CAP greening could make environment worse – report

Plans to make farming more environmentally friendly through reform of the CAP could actually make Europe’s environment worse, according to a study by leading conservationists.

The damning report by researchers and conservation groups across Europe says environmental reforms have become so diluted during the CAP negotiations that they will have no benefit on farmland.

And without individual action by member states, biodiversity would continue to decline across the continent, it says.

Published in the journal Science, conservationists say rules covering to so-called “greening” of the CAP, which includes maintaining grassland, creating ecological focus areas and growing at least three crops on any farm bigger than 30ha, were so vague they were almost useless.

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They say disagreements over the greening measures had resulted in so many exemptions being put in place that about 90% of European farmers could be exempt from having to implement two of the three requirements.

Almost half (48%) would be exempt from incorporating EFAs, 81% of arable farmers are exempt from the crop diversification rule and the measure implemented to protect natural grassland would allow a further 5% loss of grassland by 2020, the report added.

At the same time, budgets to support voluntary greening measures have been reduced, further putting wildlife and biodiversity at risk.

The report says member states must now use their flexibility at national levels to find ways to sustain wildlife.

Unless member states take serious steps beyond those required by the CAP, the EU’s own biodiversity measures are very unlikely to be met.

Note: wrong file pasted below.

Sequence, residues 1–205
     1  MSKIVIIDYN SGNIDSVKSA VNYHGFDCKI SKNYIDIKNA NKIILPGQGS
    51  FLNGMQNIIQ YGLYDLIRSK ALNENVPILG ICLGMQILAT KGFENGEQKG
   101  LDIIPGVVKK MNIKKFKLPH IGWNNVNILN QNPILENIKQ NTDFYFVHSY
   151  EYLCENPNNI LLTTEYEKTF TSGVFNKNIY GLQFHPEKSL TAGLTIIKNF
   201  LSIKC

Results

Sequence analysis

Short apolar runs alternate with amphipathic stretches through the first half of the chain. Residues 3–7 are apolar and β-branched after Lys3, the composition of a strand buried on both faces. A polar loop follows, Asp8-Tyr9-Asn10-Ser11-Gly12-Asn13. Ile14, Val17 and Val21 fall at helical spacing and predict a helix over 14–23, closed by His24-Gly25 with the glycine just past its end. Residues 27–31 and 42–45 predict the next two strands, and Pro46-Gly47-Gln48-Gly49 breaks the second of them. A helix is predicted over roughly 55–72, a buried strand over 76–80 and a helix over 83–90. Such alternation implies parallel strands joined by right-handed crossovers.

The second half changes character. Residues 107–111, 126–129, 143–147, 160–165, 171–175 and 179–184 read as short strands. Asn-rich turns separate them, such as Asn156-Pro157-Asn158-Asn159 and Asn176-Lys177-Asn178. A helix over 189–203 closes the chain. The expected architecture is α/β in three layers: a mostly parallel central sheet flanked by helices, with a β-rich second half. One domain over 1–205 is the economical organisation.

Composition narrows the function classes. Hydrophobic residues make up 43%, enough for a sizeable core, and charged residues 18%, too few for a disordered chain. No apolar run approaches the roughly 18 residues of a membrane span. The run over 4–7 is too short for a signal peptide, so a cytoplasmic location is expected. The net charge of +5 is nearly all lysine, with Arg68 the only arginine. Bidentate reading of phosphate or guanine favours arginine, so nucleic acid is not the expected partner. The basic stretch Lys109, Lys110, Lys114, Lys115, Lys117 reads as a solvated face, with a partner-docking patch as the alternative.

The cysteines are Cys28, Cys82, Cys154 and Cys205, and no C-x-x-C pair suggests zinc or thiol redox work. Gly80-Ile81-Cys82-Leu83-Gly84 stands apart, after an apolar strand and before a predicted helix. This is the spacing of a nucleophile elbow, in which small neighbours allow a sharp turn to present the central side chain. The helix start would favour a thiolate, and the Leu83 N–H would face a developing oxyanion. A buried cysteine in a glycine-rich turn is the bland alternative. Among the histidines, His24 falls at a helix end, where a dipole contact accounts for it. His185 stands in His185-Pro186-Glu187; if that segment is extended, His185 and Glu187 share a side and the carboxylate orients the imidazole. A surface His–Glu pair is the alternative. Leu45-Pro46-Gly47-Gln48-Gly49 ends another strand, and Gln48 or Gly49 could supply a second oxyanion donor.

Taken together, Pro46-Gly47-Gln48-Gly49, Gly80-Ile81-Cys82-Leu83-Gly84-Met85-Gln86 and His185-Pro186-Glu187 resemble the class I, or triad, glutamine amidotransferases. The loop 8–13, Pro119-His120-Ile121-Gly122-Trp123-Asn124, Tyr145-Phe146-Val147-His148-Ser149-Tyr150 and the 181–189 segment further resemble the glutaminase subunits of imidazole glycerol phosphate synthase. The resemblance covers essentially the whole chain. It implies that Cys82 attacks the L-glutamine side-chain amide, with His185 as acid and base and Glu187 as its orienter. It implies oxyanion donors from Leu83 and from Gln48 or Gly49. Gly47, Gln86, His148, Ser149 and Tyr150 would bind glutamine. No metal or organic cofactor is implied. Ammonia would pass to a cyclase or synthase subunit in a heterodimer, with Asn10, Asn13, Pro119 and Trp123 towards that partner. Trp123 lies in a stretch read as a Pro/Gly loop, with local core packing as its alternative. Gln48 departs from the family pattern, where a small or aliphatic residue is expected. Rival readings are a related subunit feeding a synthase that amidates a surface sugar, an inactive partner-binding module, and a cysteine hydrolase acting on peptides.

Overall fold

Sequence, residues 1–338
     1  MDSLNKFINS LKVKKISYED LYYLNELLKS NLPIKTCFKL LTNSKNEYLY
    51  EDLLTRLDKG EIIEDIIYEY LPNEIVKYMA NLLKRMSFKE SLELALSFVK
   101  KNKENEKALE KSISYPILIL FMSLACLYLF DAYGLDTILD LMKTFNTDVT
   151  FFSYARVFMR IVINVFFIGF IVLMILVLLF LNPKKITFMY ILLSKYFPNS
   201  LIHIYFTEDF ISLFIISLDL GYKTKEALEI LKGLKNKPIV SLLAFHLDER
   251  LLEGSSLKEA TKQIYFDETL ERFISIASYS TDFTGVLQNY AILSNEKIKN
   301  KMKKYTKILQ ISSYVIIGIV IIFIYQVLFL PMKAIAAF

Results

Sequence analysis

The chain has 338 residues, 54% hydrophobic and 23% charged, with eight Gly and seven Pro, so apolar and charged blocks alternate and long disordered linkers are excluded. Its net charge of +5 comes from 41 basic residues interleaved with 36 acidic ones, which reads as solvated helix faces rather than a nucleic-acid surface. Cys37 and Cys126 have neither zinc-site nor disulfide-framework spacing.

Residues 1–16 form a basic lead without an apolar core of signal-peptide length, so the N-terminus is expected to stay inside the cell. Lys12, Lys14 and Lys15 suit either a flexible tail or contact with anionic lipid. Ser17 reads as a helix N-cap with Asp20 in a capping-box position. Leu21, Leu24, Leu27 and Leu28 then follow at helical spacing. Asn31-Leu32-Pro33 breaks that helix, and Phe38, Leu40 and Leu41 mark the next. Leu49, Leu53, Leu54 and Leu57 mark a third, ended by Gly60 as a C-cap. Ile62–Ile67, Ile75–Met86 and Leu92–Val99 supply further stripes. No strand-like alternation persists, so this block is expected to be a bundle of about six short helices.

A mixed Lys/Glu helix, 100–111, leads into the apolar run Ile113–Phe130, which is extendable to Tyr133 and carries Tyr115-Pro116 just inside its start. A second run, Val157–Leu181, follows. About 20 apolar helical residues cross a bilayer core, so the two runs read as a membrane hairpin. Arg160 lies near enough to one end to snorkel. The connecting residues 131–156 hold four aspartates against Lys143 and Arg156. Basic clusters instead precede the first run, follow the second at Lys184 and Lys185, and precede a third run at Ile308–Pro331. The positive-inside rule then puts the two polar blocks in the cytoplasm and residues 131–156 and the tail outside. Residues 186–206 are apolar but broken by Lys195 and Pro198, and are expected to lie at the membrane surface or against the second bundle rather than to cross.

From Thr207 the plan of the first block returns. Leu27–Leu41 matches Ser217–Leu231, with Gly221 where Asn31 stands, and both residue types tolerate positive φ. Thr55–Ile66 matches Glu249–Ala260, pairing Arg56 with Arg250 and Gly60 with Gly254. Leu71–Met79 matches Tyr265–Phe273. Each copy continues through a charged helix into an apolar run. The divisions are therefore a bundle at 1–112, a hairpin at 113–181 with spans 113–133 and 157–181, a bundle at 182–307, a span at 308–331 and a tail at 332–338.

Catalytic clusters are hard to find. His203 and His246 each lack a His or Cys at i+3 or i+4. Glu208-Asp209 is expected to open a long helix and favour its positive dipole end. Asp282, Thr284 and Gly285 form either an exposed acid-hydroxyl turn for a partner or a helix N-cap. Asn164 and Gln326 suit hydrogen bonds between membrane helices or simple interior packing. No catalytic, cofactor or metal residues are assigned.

“The weak environmental reforms in the CAP put the fate of Europe’s declining biodiversity at the hands of individual member states,” said Guy Pe’er, one of the lead authors who collaborated with experts from across Europe, including the Universities of Cambridge and Kent and Writtle College in the UK.

“The EU should encourage member states to make responsible decisions, rather than pretend that the reform allows the EU to meet its important ecological targets.”

To help improve agricultural sustainability, the authors make recommendations for six actions member states should take immediately.

These include maximising budgets for agri-environment schemes and a clear definition of what crops qualify as EFAs (see below).

They also lists recommendations for the EU to consider when it begins its next revision of the CAP, including a reduction of exemptions and developing longer-term measures to protect grassland.

Recommended immediate actions by Member States

1. Maintain or enhance the agri-environment scheme budget in Pillar 2, prioritising measures which support biodiversity

2. Use agri-environment schemes to allow specific groups (eg small holdings in marginal areas, young farmers, co-operating farmer groups) to profit from environmentally friendly practices

3. Ensure EFAs benefit biodiversity and ecosystem services

4. Identify and map grasslands, with differentiation into types, qualities, and required management

5. Give sufficient funding to deliver ecological expertise to farmers

6. Monitor biodiversity to evaluate the effectiveness of agricultural policy